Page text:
Ranking Best 2nd Units Going into 2012-13 NBA Season
The Chicago Bulls almost certainly had the NBA's best bench last season, but a few things changed this summer.
That unit lost center Omer Asik, sharpshooter Kyle Korver, point guard C.J. Watson and defensive specialist Ronnie Brewer. General manager Gar Forman is banking on Kirk Hinrich, Marco Belinelli, Nazr Mohammed, Nate Robinson and rookie Marquis Teague to replace them.
He'll also be hoping for a lot of improvement from 22-year-old Jimmy Butler.
Is the Bulls bench still the best second unit in the league? Probably not.
But, is it still one of league's five best?
Let's see as we look at the five best collections of backups in the NBA.
5. Philadelphia 76ers
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It's not yet certain who will be included among head coach Doug Collins' starting five, but we can still conclude a few things about how good this bench will be.
His starting shooting guard and small forwards will come from a group including Thaddeus Young, Dorell Wright, Evan Turner, Jason Richardson and Nick Young. Because only two of those guys can actually start, that means the 76ers will have three starting-caliber swingmen coming off the bench.
Not too shabby.
With Spencer Hawes expected to slide over to the 4-spot and play alongside center Andrew Bynum, the depth in the paint is pretty good too.
Rookie power forward Arnett Moultrie could have a solid under-the-radar campaign and he'll be joined by 23-year-old Lavoy Allen and veteran center Kwame Brown.
Philly may not have many established stars b,ut it will make up for it with some pretty impressive depth.
4. Boston Celtics
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The Boston Celtics' bench went from its biggest weakness to an irrefutable strength seemingly overnight.
That had a lot to do with adding dangerous shooter Jason Terry, one of the league's best sixth men. Boston will also have either Courtney Lee or Avery Bradley coming off the bench, ensuring one of the deepest guard rotations in the league.
Jeff Green's return from an extended medical absence will mean Paul Pierce can take a breather now and then, and rookies Jared Sullinger and Fab Melo will give Kevin Garnett and Brandon Bass some help in the paint. The youngsters probably won't blow anyone away this season, but the Celtics could do a lot worse.
For what it's worth, they'll also have some veteran help from center Jason Collins and power forward Chris Wilcox.
When it's all said and done, Boston's improved depth ensures they'll remain a contender in the East capable once again of giving the Miami Heat a run for their money.
3. Miami Heat
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It's hard to believe a team with so much money invested in three superstars can put together a bench this good, but the Miami Heat found a way to do it.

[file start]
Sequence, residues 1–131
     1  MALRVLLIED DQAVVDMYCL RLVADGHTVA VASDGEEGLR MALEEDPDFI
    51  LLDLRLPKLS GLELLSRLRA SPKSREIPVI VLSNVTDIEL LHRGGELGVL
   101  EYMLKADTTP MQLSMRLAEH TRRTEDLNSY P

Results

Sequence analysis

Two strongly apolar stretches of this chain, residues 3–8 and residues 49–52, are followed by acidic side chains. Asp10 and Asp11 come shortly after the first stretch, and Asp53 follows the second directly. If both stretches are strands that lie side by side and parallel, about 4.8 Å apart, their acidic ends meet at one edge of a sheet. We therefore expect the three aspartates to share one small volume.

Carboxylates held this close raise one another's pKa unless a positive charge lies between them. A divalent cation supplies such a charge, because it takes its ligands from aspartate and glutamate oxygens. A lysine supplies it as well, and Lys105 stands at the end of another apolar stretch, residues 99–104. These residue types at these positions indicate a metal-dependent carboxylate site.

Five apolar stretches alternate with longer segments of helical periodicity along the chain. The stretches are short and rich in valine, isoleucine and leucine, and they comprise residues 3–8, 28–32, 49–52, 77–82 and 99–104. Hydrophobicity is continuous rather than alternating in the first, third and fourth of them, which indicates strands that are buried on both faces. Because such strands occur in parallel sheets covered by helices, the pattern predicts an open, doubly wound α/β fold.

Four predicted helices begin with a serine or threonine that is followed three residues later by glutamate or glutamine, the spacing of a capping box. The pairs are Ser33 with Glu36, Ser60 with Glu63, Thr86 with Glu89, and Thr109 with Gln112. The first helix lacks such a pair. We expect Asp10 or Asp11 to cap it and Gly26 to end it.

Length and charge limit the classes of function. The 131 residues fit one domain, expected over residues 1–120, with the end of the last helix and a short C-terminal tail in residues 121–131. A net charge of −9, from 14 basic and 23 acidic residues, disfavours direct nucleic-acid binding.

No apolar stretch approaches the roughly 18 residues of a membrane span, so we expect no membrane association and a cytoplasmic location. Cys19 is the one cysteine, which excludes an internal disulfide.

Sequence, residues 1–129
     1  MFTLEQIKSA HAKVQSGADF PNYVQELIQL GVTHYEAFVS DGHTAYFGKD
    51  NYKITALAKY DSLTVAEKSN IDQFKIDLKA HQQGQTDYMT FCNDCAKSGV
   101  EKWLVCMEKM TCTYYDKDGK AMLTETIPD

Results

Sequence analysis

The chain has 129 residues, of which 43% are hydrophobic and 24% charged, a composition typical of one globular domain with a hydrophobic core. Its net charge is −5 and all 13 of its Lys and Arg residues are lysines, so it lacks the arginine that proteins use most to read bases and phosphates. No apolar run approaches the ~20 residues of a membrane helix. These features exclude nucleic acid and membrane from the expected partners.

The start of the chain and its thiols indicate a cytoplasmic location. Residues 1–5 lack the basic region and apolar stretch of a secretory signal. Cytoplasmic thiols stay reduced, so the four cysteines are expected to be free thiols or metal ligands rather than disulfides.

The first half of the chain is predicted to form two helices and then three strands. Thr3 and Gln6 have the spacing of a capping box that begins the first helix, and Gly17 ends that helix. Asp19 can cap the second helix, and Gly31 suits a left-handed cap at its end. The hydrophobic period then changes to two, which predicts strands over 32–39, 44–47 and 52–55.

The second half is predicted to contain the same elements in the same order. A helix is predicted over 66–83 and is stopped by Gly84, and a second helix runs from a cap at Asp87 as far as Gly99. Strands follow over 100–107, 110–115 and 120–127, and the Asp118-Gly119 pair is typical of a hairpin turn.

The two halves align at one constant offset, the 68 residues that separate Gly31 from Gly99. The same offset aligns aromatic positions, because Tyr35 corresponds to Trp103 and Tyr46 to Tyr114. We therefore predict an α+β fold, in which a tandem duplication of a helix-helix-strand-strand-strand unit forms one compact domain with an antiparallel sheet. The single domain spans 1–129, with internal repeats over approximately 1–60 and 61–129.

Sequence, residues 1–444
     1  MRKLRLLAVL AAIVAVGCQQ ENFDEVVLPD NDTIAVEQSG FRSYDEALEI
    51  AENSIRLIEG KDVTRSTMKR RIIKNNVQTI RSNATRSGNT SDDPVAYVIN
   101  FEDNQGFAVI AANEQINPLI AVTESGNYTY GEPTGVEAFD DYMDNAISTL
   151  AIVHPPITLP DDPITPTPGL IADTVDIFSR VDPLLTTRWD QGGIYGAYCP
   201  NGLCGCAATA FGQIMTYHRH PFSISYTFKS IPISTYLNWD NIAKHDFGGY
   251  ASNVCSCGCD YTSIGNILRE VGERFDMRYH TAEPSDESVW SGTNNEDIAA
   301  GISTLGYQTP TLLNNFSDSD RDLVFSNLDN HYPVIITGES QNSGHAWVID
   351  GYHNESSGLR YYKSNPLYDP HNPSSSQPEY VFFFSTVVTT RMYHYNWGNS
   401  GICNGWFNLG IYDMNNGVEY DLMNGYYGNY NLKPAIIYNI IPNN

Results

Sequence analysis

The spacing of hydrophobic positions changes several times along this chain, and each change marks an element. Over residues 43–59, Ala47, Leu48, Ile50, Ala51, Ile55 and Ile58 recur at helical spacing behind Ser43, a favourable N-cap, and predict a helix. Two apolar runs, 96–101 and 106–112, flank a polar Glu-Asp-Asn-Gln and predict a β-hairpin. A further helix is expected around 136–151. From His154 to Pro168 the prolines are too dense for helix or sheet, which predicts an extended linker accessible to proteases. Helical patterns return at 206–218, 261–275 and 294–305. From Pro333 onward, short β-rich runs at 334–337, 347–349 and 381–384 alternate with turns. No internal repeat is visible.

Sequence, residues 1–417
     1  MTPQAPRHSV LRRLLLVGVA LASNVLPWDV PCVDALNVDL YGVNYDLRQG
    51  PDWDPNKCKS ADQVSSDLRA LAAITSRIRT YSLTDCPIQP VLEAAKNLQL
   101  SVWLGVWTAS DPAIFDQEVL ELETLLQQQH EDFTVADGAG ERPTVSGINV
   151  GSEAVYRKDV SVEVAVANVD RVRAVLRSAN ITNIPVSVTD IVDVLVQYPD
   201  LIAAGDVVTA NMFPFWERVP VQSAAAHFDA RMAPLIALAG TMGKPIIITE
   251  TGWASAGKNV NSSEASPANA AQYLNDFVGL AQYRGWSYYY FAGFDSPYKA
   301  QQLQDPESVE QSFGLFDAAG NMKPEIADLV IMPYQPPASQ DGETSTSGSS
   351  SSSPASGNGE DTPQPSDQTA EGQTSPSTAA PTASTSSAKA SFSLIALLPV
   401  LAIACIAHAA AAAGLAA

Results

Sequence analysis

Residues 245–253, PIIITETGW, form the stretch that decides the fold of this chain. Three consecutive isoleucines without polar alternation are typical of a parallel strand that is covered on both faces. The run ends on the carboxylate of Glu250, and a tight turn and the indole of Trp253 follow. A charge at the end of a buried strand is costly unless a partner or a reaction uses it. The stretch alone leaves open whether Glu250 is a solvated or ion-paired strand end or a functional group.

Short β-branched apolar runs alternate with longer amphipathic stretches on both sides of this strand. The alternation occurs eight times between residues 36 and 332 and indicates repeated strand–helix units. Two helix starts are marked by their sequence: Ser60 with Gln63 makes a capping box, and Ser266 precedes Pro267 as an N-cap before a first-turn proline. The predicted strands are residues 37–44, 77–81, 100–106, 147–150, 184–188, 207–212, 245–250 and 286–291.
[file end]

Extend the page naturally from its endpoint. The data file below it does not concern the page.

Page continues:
This second unit was already pretty good when its primary components were Shane Battier and Mike Miller. Adding Ray Allen and Rashard Lewis to the mix gives the roster a ridiculous amount of depth on the wing, allowing head coach Erik Spoelstra to play LeBron James at the 4 whenever he wants.
Though the point guard and center spots remain a weakness for the Heat, the problem has more to do with the starters than who's backing them up.
Second-year point guard Norris Cole will continue his improvement, and veteran power forward Udonis Haslem ensures Miami has at least some depth in the paint.
It wouldn't be at all surprising to see the organization add another big man at some point in the near future, making this unit even better.
2. Denver Nuggets
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It's not entirely clear what the Denver Nuggets starting lineup will look like this season, but the second unit should be pretty special one way or the other.
At the very least, we know it will be led by veteran point guard Andre Miller, who's still one of the best facilitators in the game. It will also include either Wilson Chandler or Kenneth Faried, depending on who head coach George Karl opts to start at power forward.
Assuming JaVale McGee joins the starting lineup this season, that also means big men Timofey Mozgov, Kosta Koufos and Anthony Randolph will be coming off the bench.
There's a lot of length and talent in that rotation.
And, though they won't play especially prominent roles, Corey Brewer, Jordan Hamilton and Evan Fournier will all give Karl plenty of options to back up Andre Iguodala and Danilo Gallinari on the wing.
The Nuggets are young and they are deep.
They're also going to be pretty scary for the rest of the Western Conference.
1. San Antonio Spurs
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Manu Ginobili doesn't single-handedly give the San Antonio Spurs the best second unit in the league, but he certainly doesn't hurt their case. He remains the team's best closer and arguably its best playmaker.
You can expect either Stephen Jackson or Danny Green to come off the bench next season, and it goes without saying they're both capable of being quality starters, albeit in a role-playing capacity.
In the paint, the Spurs boast a combination of Tiago Splitter, DeJuan Blair and spread-4 Matt Bonner, and don't forget about sharpshooter Patty Mills backing up Tony Parker.
If we stopped there, you could make a pretty good argument you're looking at the best bench in the league. The difference-maker, though, is Gary Neal, one of the game's best pure shooters and an absolute spark plug capable of scoring a lot of points in short order.
San Antonio's bench had a lot to do with the team's success last season. The depth helped keep aging veterans like Tim Duncan and Manu Ginobili fresh for the postseason, and the variety of scoring options gave the Spurs the best ensemble approach the league has seen in a long time.